An Arizona court of equity has cleared the way for a 3,000-unit, seven-property apartment portfolio previously operated by the Bethany Group to be sold out of receivership, says Bill Hoffman, president and founder of San Diego, Calif.-based Trigild, the corporation that was appointed receiver of the properties last September.

“They are all nice properties,” says Hoffman of the Phoenix portfolio. “We’ve had a lot of offers, there is a lot of interest in the portfolio, so from our perspective, it is a done deal. You can lift the flap and close the envelope. We are preparing for the sale(s) now and hope to close escrow in the next couple of weeks.” At issue was whether or not receivers were entitled to sell property in the state of Arizona. While some states specifically permit or disallow such sales, Arizona law is silent on the subject.

The sale of the properties marks yet another asset loss for the Orange County, Calif.-based Bethany Group, which saw its portfolio fall into non-cash default in March 2009. In January, a U.S. Bankruptcy Court approved a $400 million sale of 5,000 Bethany units across 16 properties in Texas and Maryland to Standard Portfolios for $400 million.

Although the Bethany Group’s exposure to extremely volatile real estate markets—including Florida and Phoenix—prior to the onset of economic recession played heavy into the firm’s collapse, not all Phoenix landlords and multifamily investors ended up feeling the same heat. The Irvine, Calif.-based Bascom Group, in particular, found success with extreme cost-cutting measures coupled with resident outreach in the most distressed markets of its portfolio, including Phoenix. As skips and delinquencies went on the increase, Bascom sought to offset vacancy numbers by sponsoring financial workshop, tax assistance, and even fitness and free lunch programs at affected properties.

Bascom also better timed its market moves in regard to exposure to distress. "We sold out of Phoenix in summer 2007 and it was the largest transaction in Arizon history at $427 million," says Bascom vice president of acquistions Jeff Fuller. "Additionally, we have been net sellers in Orange County over the past five years. That has allowed us to now be on the offensive in both of these markets."

As of late, Bascom has instead focused on acquiring properties out of distress, most recently getting its hands on the Maples at Crestwood Apartments, a 300-unit community in Denver for $7.9 million as the result of a distressed lender foreclosure sale. The property, which previously sold in 2002 for $19.4 million, expanded Bascom's Denver portfolio to 21 properties totaling 7,500 units. “We love Denver, and we are continuing to buy there,” Fuller says. “We are still trying to grow in that market."

Some firms additionally found their way out of Grand Canyon State distress via a middle-ground route of bankruptcy followed by recapitalization. On August 2, San Diego-based Fairfield Residential—which also owns Phoenix assets among its 55,000-unit portfolio of apartments under management—emerged from Chapter 11 protection. A recapitalization courtesy of Toronto, Ontario-based Brookfield Asset Management and the California State Teachers’ Retirement System (CalSTRS) will pump $29 million back into Fairfield. As part of the recapitalization structure, Brookfield has acquired a 65 percent stake in Fairfield and will commit up to an additional $150 million to Fairfield for acquisitions and other growth opportunities on a deal-by-deal basis, according to Brookfield senior vice president of communications and media Andrew Willis.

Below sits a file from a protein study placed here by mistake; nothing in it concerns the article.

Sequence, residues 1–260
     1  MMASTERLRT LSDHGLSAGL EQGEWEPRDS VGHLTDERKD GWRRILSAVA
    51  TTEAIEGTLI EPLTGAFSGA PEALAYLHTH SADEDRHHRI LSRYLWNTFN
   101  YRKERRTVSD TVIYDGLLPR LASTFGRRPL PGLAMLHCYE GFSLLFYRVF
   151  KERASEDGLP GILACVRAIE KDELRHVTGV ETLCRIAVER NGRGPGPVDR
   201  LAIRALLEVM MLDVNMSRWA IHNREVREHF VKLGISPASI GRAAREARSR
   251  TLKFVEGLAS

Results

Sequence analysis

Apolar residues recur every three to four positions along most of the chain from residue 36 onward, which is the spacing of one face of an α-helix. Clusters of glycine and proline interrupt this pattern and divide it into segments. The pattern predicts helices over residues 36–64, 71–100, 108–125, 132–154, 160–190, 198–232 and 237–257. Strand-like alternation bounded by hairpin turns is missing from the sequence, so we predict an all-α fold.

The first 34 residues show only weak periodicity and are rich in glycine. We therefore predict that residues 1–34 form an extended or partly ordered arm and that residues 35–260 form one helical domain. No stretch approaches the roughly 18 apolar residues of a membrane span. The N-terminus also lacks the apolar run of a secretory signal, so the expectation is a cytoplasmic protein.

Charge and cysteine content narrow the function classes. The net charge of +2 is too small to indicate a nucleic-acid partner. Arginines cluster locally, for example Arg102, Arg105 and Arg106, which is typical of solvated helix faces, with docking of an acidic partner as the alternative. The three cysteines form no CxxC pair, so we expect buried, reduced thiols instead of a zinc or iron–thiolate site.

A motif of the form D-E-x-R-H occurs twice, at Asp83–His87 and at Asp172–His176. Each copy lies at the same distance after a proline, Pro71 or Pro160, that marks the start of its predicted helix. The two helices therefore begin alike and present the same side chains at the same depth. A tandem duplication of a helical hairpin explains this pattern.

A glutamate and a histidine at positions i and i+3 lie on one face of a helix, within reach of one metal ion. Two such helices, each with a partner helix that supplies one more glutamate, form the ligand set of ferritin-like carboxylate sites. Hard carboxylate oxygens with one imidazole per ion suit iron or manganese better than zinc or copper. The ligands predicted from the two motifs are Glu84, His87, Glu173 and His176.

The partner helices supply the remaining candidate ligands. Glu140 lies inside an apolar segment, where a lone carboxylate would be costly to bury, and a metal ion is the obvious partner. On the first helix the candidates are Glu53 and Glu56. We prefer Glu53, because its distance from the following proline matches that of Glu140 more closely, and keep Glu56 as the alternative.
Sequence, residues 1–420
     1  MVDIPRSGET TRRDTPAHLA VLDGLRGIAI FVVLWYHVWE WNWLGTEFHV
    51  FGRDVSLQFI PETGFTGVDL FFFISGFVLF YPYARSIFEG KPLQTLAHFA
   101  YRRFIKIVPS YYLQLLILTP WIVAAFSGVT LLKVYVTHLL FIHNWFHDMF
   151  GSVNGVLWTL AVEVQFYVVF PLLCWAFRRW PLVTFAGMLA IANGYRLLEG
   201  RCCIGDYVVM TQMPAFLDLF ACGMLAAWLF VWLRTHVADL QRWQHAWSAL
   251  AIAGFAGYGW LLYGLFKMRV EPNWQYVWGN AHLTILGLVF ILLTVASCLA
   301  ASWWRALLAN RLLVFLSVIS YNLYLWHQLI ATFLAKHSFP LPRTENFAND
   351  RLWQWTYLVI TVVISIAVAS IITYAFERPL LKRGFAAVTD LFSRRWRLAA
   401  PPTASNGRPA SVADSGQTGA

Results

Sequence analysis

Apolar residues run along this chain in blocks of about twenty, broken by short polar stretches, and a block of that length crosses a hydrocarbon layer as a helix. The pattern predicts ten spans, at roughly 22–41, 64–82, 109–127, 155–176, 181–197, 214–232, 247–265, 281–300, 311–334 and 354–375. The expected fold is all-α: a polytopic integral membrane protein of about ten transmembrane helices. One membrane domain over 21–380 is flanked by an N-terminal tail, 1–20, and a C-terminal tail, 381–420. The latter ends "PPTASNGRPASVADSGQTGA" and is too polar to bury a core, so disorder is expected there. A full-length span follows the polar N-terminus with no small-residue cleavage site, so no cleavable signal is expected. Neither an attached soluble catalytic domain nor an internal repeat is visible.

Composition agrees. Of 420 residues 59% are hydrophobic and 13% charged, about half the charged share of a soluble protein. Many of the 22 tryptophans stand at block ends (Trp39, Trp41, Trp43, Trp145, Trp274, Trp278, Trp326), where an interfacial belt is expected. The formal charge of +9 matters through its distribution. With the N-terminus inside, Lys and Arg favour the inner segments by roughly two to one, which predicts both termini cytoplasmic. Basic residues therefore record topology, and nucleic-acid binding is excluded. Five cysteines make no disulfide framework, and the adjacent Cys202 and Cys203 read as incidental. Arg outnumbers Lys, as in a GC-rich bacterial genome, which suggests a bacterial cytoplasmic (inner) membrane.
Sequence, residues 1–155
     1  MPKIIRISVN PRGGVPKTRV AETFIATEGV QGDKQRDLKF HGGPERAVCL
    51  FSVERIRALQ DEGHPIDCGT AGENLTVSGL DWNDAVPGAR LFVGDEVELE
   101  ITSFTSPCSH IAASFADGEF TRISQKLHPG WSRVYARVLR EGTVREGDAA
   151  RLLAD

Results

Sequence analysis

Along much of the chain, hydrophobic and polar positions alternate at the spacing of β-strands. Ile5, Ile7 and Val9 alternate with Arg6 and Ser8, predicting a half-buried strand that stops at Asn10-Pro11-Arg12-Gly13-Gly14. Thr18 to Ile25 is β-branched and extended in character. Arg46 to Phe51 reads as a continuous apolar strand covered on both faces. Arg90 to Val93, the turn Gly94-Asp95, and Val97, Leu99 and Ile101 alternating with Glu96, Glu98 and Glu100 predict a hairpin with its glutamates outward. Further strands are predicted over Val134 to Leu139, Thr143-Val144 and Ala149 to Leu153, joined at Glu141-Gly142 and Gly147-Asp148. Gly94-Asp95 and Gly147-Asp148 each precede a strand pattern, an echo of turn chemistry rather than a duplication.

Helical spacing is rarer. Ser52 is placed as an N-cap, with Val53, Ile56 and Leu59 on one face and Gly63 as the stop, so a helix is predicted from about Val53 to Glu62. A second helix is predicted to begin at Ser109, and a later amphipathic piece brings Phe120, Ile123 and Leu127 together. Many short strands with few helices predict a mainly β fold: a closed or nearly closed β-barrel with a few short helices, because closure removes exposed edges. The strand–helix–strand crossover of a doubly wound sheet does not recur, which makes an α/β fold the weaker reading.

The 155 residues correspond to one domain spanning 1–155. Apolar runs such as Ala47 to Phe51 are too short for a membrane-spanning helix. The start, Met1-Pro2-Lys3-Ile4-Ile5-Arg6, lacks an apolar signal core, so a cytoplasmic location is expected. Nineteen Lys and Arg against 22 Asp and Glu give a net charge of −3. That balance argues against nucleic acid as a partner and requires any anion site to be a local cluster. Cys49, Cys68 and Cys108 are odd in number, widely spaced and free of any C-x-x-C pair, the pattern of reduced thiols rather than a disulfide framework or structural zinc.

In a statement, Fairfield CEO Christopher Hashioka lauded the recapitalization, and anticipated new market investments in short order. “Our recapitalization and partnership with Brookfield and CalSTRS has put us on solid footing for building our business and positioning us to take advantage of exciting growth opportunities,” Hashioka said.

"Following Fairfield's recapitalization, we are strategically focused on construction, property management, and asset management of multifamily residential homes with the opportunity for growth through acquisitions, joint ventures, and development," says Fairfield spokesperson Deborah Sollohub, noting that less than 2 percent of the Fairfield portfolio was divested during the reorganziation.

"Any divestures that occurred though our reorganization were overwhelmingly supported by our creditors," Sollohub adds. "The bankruptcy court itself cited the extraordinary effort that went into our developing a successful reorganization plan in the current economic circumstances, and we are excited to work with Brookfield Asset Management building on our respective experience in real estate services and property management."

Hoffman says the Arizona decision should set the precedent in that state for distressed sales of multifamily asset by receivers. “It’s a huge deal for special servicers. Obviously the recovery is much better than [going through a foreclosure sale],” he says. “Receivership sales can transpire in weeks compared to the months-long or more process of foreclosure. It is a very clean way to sell the property, presuming you can get the court to agree first.”